THE GARDEN OF ALLAH is something to behold, with rapturously beautiful Technicolor cinematography so rich it practically melts in your eyes, its legendary leading lady so enticing, her mysterious leading man so persuasively passionate that you are beguiled enough by their make-believe to forgive that the story, plot and dialogue are so quaint they make Mary Had A Little Lamb seem hard-boiled, about as close to reality in settings and behaviors as one of those short-feature businesses that employed The Three Stooges.
An heiress, with the step-back-and-consider name of ‘Domini Enfolden’ (Marlene Dietrich) heads into the North African desert to find Truth in Solitude (leaving flies, scorpions and resident infidel torturers to another movie). She meets A Strange Man (Charles Boyer). Despite characteristics like being haunted, touchy and prone to suddenly leaving conversations and bolting down alleys, he’s handsome, doesn’t spit food and somehow has nearly as many changes of clothes as the rich lady—she sports knockout duds in quantities that would hobble a camel—they fall in Love. This takes just a few scenes, as the 79 minute morality fable is made up of relationships that progress from ‘Good afternoon’ to ‘Remember all we have shared’ within a couple of sequences–the purity of the sand dunes having that effect (infer that the reassuring presence of the French Foreign Legion counts for something). Could this ‘Boris Androvski’ be the Trappist Monk who ran off not just from his Sacred Vows, but with the only recipe for a famed liqueur? (famed across… North Africa?)
From a 1904 novel,* filmed twice as a silent, this 1936 version plays like it belongs in an earlier time, with its Orientalism-steeped look and Victorian attitudes. The creaky foolishness of the script is forgiven in light of the flat-out stunning cinematography, basking in the dunes and sunsets of the Arizona desert locations and revealing the startlingly expressive eyes of the luminous stars.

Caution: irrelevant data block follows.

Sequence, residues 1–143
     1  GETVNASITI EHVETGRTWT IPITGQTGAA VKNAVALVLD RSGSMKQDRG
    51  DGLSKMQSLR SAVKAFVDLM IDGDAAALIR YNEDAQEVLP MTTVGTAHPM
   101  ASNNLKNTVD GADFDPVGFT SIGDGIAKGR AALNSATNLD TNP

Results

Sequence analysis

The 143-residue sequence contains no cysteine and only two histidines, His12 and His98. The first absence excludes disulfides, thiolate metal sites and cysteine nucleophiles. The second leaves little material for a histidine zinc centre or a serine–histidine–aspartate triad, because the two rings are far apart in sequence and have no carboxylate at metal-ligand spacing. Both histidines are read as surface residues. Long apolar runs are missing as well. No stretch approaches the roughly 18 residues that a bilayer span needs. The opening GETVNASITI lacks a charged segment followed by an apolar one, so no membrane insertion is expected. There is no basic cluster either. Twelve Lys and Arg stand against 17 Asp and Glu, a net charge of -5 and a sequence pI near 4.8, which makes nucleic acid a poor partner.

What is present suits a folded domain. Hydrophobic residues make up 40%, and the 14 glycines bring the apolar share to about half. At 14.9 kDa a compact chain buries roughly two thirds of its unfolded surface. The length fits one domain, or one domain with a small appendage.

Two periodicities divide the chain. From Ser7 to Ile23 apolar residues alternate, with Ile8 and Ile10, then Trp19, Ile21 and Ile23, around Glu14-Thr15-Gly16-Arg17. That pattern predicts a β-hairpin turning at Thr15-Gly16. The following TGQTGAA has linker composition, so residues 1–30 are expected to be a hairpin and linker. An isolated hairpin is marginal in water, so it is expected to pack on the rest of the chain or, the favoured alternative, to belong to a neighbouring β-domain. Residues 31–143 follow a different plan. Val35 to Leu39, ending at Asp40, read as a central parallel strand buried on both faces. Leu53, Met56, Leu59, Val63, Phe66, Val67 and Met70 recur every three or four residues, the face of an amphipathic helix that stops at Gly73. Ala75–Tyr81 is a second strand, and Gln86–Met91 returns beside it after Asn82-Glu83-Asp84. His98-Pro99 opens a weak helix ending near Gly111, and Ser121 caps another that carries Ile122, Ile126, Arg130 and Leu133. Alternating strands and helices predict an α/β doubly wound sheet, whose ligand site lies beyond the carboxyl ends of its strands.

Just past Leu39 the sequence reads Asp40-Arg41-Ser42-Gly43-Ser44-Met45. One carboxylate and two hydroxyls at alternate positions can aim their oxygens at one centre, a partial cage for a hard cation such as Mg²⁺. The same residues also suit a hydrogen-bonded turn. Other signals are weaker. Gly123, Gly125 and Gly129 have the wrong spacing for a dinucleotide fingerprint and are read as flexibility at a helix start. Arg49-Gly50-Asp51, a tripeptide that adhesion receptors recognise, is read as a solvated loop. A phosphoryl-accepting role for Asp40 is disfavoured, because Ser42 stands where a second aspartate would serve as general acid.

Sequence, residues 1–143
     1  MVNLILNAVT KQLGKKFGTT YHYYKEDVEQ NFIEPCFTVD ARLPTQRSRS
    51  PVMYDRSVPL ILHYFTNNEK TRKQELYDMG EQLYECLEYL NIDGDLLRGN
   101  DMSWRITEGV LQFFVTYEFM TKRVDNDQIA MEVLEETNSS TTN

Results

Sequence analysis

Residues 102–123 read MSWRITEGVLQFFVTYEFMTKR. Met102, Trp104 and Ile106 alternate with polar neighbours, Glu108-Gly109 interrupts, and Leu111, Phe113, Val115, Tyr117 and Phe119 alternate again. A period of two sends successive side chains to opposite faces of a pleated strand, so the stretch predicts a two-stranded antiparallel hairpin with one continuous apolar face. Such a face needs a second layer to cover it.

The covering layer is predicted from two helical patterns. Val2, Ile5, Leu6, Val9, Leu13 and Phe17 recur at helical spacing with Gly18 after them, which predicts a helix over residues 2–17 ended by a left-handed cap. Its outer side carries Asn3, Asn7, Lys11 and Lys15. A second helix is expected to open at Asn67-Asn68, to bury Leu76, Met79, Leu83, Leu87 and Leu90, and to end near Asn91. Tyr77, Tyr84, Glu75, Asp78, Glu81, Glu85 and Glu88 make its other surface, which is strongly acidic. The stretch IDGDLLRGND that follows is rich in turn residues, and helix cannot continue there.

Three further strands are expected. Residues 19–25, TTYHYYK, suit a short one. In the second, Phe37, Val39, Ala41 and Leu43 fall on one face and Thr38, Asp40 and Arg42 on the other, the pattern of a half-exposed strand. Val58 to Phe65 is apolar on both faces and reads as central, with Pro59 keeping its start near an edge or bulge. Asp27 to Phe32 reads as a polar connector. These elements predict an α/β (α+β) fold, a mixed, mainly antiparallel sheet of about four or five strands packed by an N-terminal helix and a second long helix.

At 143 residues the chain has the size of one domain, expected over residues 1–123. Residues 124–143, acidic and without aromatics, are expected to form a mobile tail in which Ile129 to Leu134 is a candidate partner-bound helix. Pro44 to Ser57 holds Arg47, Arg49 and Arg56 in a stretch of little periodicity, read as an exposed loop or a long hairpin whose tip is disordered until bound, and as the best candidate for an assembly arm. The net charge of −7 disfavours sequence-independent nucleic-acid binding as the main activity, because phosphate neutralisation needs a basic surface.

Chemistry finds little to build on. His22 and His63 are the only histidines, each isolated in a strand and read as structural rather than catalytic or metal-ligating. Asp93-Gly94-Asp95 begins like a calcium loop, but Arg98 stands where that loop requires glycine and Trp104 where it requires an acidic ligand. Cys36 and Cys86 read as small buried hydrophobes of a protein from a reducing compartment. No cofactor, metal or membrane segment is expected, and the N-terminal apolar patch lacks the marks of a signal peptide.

The lurking merriment and imminent naughtiness in Marlene Dietrich’s eyes in this silly story finally made me a convert: after always being puzzled by her allure, I succumbed: no wonder everybody wanted to sleep with her. Charles Boyer is likewise so attractive in the camera here it’s easy to see why he was called “the Latin Lover”: he has a big dramatic speech that is a remarkable example of what a great voice and quicksilver facility for facial expression of deep emotion can do with even the most trivial material.
Also on hand, doing their best with the purple screenplay, Basil Rathbone (rather dashing this time instead of sneering), Joseph Schildkraut (camping it up like he found the hash stash), C. Aubrey Smith, Alan Marshal (pretty bad), John Carradine (looking wild as a fortune diviner, one of 14 credits that year), Henry Brandon and famous ballerina/gadfly Tilly Losch, 33, who does a helluva hooch-koochie dance.
Directed by Richard Boleslawski (once a lancer in the Tsar’s Polish cavalry), it was produced by David O. Selznick—whose perfectionism could drive underlings to enlist in the cavalry— and he had a vexing time with the whirling diva demands of an unhappy Marlene. Her pouts—she famously declared the script ’twash’—emboldened other cast members to similarly argue. Hassles with peevish actors and 120-degree weather, and the technical demands of the new 3-strip Technicolor sent the erstwhile intimate-scaled drama nearly 20% over budget to a whopping cost of $2,200,000. Earnings came in a disappointing 36th for the year. Selznick consoled himself with the cinematography Oscar, nominations for Assistant Director (Eric Stacey) and Music Score (Max Steiner) and with the receipts and plaudits for Little Lord Fauntleroy and A Tale Of Two Cities.
* The book came from the fevered and fertile output of Robert Smythe Hitchens, who created 37 novels, including “An Imaginative Man”, which has its sex-crazed hero go insane in Cairo and bash his head against the Great Sphinx.